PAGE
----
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Jim Ford and Dr. Laura Gray
Office Phone: (918) 343-7749; 343-7593 Fall 2004
Online Independent Study Prerequisite: Senior status.
“A reading, research, and/or lecture seminar on a particular topic, period, or genre, as specified each semester. Seminars will require extensive reading of, and reports on, primary and secondary works and/or research project(s). Student discussion will be paramount” (RSU Bulletin, 2003-04, p. 179).
official description is obviously a little vague. This course is an
advanced seminar in the Humanities. It is designed to be the culmination
of your academic experience at
The specific topic for this year's Humanities Seminar is “The Nature of Love.” We will read a number of literary and scholarly works that deal with various kinds of love, and their significance to a good human life. Each week we examine a different work (or selections from various works), and we will spend the vast majority of our time reading, discussing, and writing about the meaning and significance of those works. That means that the course will require a great deal of work on your part, but it will be worth it.
have five main responsibilities during this course. First, of course, you
must read all of the assigned readings; second, you must participate fully
in all of our threaded discussions; third, you must create six projects
(for lack of a better word) during the course; fourth, you will respond to
the other students’ projects; and fifth, you will submit the proposal
for your capstone portfolio/project (which you will complete in the
Capstone course next spring—see the memo from the Capstone Committee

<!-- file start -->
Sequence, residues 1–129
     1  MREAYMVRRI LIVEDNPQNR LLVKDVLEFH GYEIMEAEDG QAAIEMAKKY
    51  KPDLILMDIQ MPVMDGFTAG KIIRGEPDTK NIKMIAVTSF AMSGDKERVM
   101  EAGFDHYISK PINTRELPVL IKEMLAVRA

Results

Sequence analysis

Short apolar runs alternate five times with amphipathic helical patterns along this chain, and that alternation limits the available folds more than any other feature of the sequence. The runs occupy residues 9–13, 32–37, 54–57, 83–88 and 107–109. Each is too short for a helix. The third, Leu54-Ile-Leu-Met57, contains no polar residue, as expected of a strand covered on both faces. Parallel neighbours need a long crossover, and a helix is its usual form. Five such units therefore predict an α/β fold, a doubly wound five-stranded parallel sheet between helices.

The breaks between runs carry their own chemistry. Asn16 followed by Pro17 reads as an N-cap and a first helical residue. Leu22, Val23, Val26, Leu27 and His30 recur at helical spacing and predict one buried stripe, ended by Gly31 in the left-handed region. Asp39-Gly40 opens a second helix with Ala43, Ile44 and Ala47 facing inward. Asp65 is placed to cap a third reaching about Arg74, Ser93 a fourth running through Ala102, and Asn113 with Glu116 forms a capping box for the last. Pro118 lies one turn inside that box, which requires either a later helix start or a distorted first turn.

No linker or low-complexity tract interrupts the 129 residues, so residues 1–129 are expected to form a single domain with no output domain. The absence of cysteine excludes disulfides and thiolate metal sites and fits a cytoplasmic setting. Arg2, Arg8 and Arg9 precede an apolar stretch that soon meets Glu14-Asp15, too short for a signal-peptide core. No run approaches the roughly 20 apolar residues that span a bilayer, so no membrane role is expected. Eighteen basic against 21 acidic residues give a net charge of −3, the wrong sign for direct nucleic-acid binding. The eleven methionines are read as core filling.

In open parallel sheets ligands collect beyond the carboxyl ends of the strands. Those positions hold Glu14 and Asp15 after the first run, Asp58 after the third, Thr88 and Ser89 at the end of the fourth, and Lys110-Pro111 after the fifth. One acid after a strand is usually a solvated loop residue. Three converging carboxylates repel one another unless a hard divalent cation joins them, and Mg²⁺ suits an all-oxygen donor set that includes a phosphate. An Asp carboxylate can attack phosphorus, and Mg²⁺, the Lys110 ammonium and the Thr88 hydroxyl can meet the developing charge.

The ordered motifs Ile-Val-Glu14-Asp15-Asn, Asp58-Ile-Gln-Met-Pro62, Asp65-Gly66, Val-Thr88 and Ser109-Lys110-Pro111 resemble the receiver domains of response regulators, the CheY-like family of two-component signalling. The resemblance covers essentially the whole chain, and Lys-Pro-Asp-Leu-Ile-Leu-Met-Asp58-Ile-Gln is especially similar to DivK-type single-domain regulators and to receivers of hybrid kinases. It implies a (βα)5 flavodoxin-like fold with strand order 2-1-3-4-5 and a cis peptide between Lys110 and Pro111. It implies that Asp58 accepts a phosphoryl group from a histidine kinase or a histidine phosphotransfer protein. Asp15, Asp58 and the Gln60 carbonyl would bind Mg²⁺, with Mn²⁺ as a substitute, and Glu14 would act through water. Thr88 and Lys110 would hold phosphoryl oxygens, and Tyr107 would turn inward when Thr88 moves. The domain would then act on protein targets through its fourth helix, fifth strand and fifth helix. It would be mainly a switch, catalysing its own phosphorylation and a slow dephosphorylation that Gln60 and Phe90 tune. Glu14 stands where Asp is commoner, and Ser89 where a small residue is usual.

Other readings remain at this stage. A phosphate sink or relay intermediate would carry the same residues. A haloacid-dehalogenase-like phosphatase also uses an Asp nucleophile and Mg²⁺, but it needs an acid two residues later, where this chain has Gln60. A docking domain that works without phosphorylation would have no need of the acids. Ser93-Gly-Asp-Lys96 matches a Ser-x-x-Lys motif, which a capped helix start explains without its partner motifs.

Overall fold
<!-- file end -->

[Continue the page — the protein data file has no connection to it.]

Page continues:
below). Your grade will be the result of your performance on these
projects, the discussions, and the proposal.
a unit project? Basically, every week several students will respond to
that week’s materials. In most cases that material is a text, the
reading assignment for the unit, but in a few cases it is something else
(an art show, a web-site, etc.). Whatever the material in question, you
the student will respond to the work—that may involve criticizing,
evaluating, or interpreting the work in question. If that sounds vague,
that’s for a reason. You are free to decide what form your response
takes. It may be a traditional academic essay; it may be a creative work
of fiction or poetry related to the material at hand; or it may be a
work of art, a piece of music, a painting—whatever you decide works best
for that particular unit. We will discuss further (during the first unit)
what is involved in these projects, and what we expect from you.
Primarily, we want to see that you have done some critical and creative
thinking about the work in question, but we will discuss more what that
We will be grading these projects according to the
criteria listed under “Grading Policies” (below), but evidence of
creative and critical thinking will be particularly important. Understand
also that we are doing one of these projects every few weeks, so we do not
expect your masterpiece, your magnum opus. We do expect that
you will do some creative and critical thinking about the material in
question, and that's mainly what we want to see in your projects. You will
share your work with the other students so that we can discuss each